"Many in American Ballet Theatre were so skeptical that they asked not to be in it, and to stay in their comfort zone," recalls Kudo. "Gelsey Kirkland was supposed to do the lead role, though Marianna Tcherkassy eventually danced it. Steps that were being used in tandem were so odd for the time, so very different from any motions used in classical ballet, that dancers were saying, "She wants me to do what?!" For instance, to rotate one way, change your weight and go the other way is not a ballet dancer's tendency.
"It wasn't always easy to work with Misha and, since he was the boss, I wasn't that comfortable making suggestions. He had seen Twyla's work with the Joffrey Ballet, and he soon became a master of these turns and jumps which we thought quirky and weird. But Twyla always takes risks, which thread all through her choreography. For instance, she chose Joseph Lamb and Joseph Haydn because she wanted to show the similarities in the use of syncopation.
"I think Push is Twyla's spoof on classical dancing, the use of the corps with the soloists in front and the imperial changing of patterns, like in Swan Lake. In the third movement, she goes a little scatty, playing on those themes. We had no idea if it was going to work, or that it was such a breakthrough piece. But I have never again experienced that kind of reaction and success, with the audience standing and screaming. Then we knew, and even the doubters began to say they should have been more open-minded."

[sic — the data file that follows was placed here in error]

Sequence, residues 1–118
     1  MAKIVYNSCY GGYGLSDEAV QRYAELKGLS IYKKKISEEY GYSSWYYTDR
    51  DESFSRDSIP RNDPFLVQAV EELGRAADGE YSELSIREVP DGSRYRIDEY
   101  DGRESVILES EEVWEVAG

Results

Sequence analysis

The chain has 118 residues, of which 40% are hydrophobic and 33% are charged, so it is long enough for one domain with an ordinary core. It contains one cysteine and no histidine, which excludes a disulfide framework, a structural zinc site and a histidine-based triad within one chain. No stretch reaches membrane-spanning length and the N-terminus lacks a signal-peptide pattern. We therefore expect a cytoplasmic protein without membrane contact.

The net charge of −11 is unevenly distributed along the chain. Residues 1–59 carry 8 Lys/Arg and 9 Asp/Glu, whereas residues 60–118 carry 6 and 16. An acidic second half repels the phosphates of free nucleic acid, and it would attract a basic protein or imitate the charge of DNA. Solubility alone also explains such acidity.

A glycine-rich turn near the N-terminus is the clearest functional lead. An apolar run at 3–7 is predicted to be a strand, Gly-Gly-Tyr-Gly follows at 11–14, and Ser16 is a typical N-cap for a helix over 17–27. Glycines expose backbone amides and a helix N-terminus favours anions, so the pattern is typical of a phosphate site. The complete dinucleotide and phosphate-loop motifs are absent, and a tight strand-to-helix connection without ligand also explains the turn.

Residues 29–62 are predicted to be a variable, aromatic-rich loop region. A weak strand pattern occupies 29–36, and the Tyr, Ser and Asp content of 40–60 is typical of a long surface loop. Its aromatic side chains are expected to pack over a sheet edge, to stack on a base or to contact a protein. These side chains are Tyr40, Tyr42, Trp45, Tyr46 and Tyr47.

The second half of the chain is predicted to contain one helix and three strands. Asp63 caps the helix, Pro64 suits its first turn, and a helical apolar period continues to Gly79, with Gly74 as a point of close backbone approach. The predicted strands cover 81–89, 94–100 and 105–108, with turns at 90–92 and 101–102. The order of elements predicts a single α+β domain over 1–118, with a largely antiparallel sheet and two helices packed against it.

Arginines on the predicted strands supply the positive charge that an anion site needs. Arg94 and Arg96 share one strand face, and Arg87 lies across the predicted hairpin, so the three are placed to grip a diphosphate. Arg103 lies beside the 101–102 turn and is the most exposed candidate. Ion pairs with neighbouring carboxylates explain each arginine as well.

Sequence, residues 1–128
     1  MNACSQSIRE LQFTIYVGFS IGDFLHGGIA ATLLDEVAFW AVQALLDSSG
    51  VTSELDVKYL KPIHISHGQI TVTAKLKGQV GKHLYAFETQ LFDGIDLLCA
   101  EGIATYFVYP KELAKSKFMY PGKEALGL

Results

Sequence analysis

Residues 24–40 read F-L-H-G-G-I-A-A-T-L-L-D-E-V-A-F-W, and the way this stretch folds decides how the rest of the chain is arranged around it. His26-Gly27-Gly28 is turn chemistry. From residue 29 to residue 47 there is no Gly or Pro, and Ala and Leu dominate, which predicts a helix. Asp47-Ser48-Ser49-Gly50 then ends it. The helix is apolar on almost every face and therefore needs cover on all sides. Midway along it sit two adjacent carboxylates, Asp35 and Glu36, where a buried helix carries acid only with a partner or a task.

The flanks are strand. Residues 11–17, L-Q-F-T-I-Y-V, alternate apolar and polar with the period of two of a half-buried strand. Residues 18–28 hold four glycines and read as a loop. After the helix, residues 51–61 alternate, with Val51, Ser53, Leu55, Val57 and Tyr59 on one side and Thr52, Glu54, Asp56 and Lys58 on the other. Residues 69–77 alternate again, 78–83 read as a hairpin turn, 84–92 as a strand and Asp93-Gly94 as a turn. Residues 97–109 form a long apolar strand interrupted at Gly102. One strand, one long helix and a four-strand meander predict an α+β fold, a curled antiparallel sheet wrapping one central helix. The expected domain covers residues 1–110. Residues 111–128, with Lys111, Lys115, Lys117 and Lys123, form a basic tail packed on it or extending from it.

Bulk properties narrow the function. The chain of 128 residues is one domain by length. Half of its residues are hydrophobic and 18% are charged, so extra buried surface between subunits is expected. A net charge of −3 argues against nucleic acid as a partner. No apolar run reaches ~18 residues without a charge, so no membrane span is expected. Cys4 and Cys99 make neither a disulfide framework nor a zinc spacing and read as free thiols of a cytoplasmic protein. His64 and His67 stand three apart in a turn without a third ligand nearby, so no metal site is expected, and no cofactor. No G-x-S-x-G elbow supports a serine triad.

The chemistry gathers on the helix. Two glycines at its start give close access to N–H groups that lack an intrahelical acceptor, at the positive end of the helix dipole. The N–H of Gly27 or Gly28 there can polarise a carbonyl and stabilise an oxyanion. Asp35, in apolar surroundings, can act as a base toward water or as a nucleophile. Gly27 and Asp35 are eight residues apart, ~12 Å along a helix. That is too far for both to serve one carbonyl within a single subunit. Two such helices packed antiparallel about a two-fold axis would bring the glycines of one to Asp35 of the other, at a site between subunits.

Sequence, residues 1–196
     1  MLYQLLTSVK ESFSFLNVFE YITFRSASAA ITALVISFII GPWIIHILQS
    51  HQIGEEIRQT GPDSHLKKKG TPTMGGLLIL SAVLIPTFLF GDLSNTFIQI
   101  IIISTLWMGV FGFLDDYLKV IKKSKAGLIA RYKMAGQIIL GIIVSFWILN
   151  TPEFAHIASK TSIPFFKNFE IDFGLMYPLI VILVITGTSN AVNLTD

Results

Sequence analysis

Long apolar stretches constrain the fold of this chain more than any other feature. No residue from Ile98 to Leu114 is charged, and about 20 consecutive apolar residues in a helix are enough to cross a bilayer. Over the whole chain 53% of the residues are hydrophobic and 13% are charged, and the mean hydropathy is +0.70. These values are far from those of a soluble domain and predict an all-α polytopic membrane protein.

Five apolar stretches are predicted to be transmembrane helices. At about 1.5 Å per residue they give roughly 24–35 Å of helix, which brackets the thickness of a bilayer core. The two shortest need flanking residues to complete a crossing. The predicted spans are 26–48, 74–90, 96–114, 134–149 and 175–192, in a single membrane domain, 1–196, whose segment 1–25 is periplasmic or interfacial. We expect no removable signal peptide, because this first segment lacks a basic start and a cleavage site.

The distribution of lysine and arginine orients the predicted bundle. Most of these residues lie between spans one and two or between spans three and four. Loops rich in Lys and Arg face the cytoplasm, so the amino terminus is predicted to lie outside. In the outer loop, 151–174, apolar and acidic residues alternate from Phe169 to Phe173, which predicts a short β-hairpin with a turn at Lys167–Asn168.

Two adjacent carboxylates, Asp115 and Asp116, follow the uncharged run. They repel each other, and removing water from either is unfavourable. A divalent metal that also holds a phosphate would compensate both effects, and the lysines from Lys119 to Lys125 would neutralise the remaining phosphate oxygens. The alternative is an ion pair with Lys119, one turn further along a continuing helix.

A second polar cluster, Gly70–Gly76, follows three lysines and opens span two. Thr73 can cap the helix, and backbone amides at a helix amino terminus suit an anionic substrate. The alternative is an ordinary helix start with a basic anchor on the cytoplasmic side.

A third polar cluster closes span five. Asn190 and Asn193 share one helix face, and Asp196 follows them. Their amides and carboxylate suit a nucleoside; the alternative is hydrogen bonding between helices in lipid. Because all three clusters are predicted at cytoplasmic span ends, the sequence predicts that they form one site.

Kaiser has been waiting for the right moment to present the Company premiere of this landmark piece, and the troupe's 45th Anniversary Season was the ideal opportunity. As usual, he's designed a program to showcase the Company's remarkable diversity.
Any evening of contemporary dance should include a piece by legendary choreographer George Balanchine. The choice is Ballo della Regina, a classical work to ballet music originally cut from Verdi's Don Carlos, which the Company last performed in 2004. That piece has been coached by r_p_titeurs close to the source‹Sandra Jennings, once a ballet mistress for the Company and presently a stager for the Balanchine Trust, and Merrill Ashley, the ballerina who inspired Balanchine's creation in 1978.
Choreographer Mauro Bigonzetti, former Artistic Director of the Italian company Alterballeto, brings the Company premiere of his ensemble piece Kazimir's Colours, first presented by the Stuttgart Ballet. Kaiser didn't see that performance, but was attracted by two of the three works Bigonzetti created for the New York City Ballet.
"Mauro is a talented choreographer, classical but kinetic, which means that his ballets are not just a series of steps, but achieve their effect because of the way they're put together. When I saw his work, I realized our Company would handle his style very well, and I hope someday for him to create a new work for us. So this is a good opportunity to get to know him and vice versa.
"All three works demand superb classical training," said Kaiser, "and we're lucky that our dancers who are willing to take on such different challenges at the same time. I look for dancers who can do that, and now the core of the Company is used to working in this fashion. We take it for granted, and are glad that our audience has embraced it."
Tom Di Nardo is arts writer for the Philadelphia Daily News, and a contributor to Playbill and Symphony Magazine.